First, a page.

Ever wondered exactly what you'd see if you succeeded in a quest to dig a hole through to the Earth's core to the other side of the world? Google's new AR tool is here to show you just that. We appreciate Google's commitment to helping us procrastinate more successfully, and this core-some offering is certain to wile away a couple of minutes (perhaps even more if you've got kids).
Called Floom, the experiment asks you to point your device at the floor, tap the tornado icon and you'll be offered a tantalising glimpse of what you'd encounter if you emerged on the other side of the globe. To spend more time with Google's entertaining tools, try out some fun Google Easter eggs, and to make your own great user experience, head to these UI design tools.
Floom (opens in new tab) uses the WebXR API (opens in new tab) to map out the results of your tunnelling, but the excitement of what you see is a bit hit and miss given a lot of the world is, y'know, under water. When we had a go the first time, it was interesting to see that the Pacific Ocean is directly through the Earth's core, but it didn't make for the most fascinating image (see below on the left).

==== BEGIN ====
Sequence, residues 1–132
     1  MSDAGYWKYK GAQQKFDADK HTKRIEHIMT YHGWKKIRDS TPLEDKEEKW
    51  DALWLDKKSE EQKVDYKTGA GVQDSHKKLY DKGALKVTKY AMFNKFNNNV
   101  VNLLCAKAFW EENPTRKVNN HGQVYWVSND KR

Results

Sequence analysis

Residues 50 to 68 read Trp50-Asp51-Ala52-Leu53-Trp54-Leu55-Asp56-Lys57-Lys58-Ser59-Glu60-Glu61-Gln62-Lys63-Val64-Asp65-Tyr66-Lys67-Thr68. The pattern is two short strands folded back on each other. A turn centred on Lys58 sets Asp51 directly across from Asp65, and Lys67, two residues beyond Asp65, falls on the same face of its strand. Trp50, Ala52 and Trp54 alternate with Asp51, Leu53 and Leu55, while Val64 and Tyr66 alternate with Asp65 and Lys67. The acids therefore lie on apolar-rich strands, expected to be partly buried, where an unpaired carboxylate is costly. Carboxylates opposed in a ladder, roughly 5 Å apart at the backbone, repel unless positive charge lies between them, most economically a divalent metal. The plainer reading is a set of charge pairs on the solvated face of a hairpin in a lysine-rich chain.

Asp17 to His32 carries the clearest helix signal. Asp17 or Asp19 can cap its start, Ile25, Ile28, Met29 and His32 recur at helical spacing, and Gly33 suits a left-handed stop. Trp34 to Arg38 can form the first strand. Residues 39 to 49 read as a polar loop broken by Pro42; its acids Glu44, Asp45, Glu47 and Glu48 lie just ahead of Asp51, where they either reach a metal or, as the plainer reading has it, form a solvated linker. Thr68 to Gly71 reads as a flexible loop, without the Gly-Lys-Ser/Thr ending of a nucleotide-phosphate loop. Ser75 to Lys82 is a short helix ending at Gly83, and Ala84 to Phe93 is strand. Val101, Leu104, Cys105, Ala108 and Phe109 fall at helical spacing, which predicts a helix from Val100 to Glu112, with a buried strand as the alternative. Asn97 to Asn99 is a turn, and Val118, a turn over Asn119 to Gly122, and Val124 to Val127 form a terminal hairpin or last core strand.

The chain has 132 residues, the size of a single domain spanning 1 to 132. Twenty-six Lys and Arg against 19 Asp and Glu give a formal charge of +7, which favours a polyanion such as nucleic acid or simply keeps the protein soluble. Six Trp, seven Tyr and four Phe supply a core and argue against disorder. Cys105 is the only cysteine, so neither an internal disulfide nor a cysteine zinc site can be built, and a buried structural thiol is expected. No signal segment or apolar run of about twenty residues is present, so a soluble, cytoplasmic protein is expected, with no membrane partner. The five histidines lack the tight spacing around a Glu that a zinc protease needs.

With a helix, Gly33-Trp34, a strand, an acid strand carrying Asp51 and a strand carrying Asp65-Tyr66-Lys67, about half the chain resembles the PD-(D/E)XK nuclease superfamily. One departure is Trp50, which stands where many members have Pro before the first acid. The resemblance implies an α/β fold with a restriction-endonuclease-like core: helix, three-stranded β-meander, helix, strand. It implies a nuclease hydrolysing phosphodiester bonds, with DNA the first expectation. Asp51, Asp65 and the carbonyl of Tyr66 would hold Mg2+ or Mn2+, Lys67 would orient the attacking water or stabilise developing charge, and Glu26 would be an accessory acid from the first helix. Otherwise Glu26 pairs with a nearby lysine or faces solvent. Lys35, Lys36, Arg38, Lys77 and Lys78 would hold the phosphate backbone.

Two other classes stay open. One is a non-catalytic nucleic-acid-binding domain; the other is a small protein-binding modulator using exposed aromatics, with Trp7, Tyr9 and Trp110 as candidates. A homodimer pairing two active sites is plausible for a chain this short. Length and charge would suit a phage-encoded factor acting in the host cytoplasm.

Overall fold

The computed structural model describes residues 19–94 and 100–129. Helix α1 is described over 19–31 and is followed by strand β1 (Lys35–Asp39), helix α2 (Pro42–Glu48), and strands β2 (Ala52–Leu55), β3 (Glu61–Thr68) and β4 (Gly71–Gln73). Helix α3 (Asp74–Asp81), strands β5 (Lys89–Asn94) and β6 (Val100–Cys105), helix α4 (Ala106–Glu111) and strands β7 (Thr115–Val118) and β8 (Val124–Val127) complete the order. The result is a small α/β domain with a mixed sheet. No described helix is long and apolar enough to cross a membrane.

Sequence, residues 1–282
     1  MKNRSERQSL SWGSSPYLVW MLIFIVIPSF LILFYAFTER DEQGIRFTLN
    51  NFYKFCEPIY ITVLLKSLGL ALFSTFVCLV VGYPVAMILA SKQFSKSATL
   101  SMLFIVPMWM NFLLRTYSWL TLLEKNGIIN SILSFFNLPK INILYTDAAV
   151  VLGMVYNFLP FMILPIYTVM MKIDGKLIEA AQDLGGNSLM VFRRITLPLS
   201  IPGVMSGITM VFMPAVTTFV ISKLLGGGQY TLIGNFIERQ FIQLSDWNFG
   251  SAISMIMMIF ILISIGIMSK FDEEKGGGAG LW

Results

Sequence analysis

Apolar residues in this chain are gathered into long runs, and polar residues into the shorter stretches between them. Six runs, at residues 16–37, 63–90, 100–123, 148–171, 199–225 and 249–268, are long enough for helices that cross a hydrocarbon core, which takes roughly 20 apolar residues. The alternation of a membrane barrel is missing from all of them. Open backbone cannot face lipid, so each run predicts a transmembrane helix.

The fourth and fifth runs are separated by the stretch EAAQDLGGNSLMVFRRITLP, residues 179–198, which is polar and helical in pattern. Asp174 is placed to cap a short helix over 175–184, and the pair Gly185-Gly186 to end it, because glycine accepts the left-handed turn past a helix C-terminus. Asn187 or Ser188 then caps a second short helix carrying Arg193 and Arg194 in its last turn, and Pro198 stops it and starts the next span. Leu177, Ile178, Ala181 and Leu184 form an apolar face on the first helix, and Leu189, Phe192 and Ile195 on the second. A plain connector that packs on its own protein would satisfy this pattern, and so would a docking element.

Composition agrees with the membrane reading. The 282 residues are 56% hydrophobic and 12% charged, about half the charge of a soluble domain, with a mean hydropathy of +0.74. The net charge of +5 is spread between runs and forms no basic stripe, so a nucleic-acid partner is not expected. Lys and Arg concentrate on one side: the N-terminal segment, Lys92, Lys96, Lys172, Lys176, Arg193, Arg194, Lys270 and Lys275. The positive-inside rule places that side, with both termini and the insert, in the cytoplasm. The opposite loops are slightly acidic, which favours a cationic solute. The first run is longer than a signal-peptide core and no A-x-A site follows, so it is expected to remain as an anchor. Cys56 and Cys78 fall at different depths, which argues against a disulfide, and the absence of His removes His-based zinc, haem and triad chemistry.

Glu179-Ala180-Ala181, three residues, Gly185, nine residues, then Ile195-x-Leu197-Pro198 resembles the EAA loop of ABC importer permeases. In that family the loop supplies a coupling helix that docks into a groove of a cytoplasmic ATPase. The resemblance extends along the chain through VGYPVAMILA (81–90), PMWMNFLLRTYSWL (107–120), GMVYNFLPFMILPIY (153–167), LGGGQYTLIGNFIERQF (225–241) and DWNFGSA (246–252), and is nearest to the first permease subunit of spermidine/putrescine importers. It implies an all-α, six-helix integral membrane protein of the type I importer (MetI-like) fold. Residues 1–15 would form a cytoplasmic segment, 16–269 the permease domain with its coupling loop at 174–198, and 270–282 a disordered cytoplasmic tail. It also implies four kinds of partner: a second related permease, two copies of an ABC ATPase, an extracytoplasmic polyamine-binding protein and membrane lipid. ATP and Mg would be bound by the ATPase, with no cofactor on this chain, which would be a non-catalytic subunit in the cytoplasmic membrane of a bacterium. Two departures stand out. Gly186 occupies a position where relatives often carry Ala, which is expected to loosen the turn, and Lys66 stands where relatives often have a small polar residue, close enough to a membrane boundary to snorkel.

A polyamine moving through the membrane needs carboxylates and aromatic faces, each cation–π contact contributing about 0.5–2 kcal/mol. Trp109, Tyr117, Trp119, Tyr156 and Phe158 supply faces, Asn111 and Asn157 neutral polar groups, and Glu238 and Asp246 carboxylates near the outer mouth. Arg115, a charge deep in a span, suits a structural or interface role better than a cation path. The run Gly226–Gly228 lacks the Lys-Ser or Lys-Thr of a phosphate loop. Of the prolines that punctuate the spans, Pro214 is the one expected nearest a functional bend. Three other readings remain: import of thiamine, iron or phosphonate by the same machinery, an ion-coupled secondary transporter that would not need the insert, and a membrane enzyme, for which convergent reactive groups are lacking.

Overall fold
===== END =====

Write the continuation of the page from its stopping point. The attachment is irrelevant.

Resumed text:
We also have questions about the accuracy of the tool as when we tried it again (from the same spot we might add) we got a different location (Fiji) with a much more exciting image – check it out above on the right. Go figure.
The beauty of the tool is that it kinda makes you want to try it out wherever you go to see if things have changed geographically. If you'd like an experience that's more consistently hair-raising, have a play with Google's dinosaur AR tool, or its diversely populated animal AR tool. It's always good to have a back-up activity on hand for when journeying through the centre of the Earth gets boring